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Schalmont hosts Alan November, international leader in education technology

March 11, 2016

Alan NovemberRenowned international leader in education technology Alan November was at Schalmont today to speak to educators from Schalmont, Burnt Hills-Ballston Lake, Broadalbin-Perth, Capital Region BOCES, Cohoes, Guilderland, Menands, Mohonasen, Niskayuna, and Shenendehowa.

His appearance was part of a joint effort between Schalmont and Mohonasen, which hosted November for a parent presentation last night.

November, author of “Who Owns the Learning?,” is on a mission to revolutionize education by changing the way we think of it. In this digital age, November said schools need to stop “teaching kids to memorize and start teaching them how to apply knowledge.”

“The real revolution is not technology; it’s information,” November said. “We overestimate what kids can do with technology. The overall impact of technology has been negative, mostly because it is kids teaching kids. There’s not an adult in the room when kids make decisions about technology.”

November advocates teaching students the basics of solid Internet sourcing and finding viable alternative perspectives.

“Kids don’t have the skills to use the Internet to find the best answer. They can find an answer, but it usually isn’t the best one,” he said, adding that most students don’t understand or know about search tools to narrow down search responses to educational sources or how to find reliable sources that present other perspectives in different countries or cultures from native sources in that country.

November said he believes self-assessment is key to getting students excited and engaged in their educational process.

Alan November“Teacher training in the U.S. goes against all the research. Teachers are trained not to self-assess,” he said. “Turns out, our kids need more help than we have the time to give them in class.”

November said self-assessments, including using sites such as WolfRamAlpha, which allows students to self-quiz and gives step-by-step instruction for how an answer was reached, frees up the teacher and allows for personalized instruction for each student.

A common obstacle in the use of digital technology for learning is that there will always be a section of students who will search Google and copy and paste an answer.

“The biggest cheating machine is the Internet for traditional problems. The way around it, and what we need to be doing is writing different problems. Change the wording. Change ‘solve’ for ‘involve.’ Shift who designs the problems. We need more students to become the problem designers,” he said.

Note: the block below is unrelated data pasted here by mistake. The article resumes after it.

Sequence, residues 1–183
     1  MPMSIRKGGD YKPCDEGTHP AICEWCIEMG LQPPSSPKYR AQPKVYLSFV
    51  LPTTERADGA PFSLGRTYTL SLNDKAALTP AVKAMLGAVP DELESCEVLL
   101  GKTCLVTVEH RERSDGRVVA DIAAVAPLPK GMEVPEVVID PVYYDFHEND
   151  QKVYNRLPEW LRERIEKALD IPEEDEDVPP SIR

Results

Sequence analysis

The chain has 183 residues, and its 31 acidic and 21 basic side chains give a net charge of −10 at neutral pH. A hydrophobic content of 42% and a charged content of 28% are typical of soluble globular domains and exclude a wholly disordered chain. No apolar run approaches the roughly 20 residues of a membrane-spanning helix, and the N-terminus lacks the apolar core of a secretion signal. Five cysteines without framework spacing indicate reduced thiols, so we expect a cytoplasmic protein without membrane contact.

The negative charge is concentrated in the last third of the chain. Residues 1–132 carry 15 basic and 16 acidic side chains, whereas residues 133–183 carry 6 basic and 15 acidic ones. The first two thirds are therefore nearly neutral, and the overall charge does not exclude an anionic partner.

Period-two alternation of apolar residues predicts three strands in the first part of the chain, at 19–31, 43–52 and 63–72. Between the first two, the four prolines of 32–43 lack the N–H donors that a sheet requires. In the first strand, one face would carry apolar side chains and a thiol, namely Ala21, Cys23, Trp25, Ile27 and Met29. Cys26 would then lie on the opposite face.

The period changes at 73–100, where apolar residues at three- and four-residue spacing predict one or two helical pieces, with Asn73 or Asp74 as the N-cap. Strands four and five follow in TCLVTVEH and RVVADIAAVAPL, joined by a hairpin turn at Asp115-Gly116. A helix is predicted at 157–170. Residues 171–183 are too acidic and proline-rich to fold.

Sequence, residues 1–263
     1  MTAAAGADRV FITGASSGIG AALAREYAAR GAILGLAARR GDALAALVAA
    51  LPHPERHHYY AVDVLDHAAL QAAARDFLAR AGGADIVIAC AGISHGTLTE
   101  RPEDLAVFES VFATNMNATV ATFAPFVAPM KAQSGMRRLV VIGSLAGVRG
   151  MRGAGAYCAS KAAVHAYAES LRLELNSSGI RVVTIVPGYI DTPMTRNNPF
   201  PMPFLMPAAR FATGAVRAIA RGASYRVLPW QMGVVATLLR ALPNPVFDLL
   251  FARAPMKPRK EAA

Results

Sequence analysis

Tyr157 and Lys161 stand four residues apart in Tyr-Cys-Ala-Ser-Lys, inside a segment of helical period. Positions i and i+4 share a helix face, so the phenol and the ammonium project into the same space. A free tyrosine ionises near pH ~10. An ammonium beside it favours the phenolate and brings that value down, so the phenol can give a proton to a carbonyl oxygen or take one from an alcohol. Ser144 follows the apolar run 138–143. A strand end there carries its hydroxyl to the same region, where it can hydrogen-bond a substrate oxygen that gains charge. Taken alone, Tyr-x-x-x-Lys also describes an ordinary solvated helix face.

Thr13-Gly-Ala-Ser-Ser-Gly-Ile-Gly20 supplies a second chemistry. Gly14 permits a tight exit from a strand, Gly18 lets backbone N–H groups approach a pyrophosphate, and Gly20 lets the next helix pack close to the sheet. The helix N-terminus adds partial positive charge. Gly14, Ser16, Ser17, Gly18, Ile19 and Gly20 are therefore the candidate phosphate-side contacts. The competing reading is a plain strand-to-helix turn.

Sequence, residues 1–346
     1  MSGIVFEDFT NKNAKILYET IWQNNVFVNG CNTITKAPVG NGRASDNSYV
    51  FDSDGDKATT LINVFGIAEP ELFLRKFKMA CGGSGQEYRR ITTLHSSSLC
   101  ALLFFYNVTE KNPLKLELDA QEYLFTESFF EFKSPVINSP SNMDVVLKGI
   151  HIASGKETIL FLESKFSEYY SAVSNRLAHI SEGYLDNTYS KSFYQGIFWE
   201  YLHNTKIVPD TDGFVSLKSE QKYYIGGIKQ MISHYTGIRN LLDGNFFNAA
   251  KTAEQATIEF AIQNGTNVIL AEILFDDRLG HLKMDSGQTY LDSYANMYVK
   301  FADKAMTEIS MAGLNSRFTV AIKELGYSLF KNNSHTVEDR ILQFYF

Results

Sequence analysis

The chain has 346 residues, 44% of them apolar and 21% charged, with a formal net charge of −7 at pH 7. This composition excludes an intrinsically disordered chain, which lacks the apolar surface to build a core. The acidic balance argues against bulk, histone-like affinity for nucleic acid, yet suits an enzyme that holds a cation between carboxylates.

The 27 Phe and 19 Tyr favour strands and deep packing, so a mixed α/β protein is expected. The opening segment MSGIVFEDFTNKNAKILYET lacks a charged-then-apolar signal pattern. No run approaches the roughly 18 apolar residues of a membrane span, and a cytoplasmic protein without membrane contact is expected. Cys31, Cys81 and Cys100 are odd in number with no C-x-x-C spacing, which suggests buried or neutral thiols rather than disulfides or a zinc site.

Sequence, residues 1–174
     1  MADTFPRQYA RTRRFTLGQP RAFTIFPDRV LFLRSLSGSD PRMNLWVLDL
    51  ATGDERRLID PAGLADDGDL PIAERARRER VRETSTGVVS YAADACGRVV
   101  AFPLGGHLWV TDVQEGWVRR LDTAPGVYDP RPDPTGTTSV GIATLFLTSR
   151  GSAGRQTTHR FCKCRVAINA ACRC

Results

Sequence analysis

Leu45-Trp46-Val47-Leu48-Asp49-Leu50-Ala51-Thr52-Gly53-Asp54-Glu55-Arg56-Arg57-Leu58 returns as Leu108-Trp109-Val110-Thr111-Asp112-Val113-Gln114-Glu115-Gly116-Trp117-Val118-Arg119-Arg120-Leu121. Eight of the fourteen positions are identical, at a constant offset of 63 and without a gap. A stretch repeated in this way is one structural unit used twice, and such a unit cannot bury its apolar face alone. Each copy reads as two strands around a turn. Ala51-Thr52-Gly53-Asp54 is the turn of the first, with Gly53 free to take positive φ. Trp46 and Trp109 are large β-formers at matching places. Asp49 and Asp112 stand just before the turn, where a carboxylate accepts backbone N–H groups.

November shared several instructional stories that backed up statistics that show that by challenging students to design the problem or assignment, they actually end up spending more time on a project than they would if one was assigned to them.

He also stressed the essentials of forging global connections, starting as early as Kindergarten.

“We can teach kids to deal with multiple perspectives. When you teach kids other points of view, they find it fascinating,” he said. “Show students student work from across the world. It’s amazing how motivated kids can be by showing them what other students do.

“We have a connected world,” he said. “We need to teach our children global empathy and perspective.”

Bronson Knaggs, director of Curriculum and of Schalmont Teachers’ Institute, worked with district officials to bring November to the area after seeing him speak in Saratoga.

“No one else has had more of an impact on me as an educator, than he has,” Knaggs said.

Schalmont Superintendent Dr. Carol Pallas said November’s innovative way of thinking aligns with the direction the district is moving in terms of integrating technology and digital literacy in the classroom.

“We have started to implement some of these new concepts in our classrooms this year, and we will continue to explore how innovations in teaching methods such as those Alan November spoke about today can improve student learning,” she said. “As Alan said, we cannot continue to teach and give assignments as was done prior to the Internet. We need to pioneer new ways of engaging students in the classroom and helping them take ownership of their education, all the while preparing them for life in a global community.”

To learn more about Alan November, visit his website or watch him on YouTube.

Alan November speaks at Schalmont

Alan November speaks at Schalmont

 

 

 

 

 

 

 

 

 

 

 

 

Alan November speaks at Schalmont

 

 

 

 

 

 

 

 

 

 

 

 

 

 

 

 

Alan November

Alan November speaks at Schalmont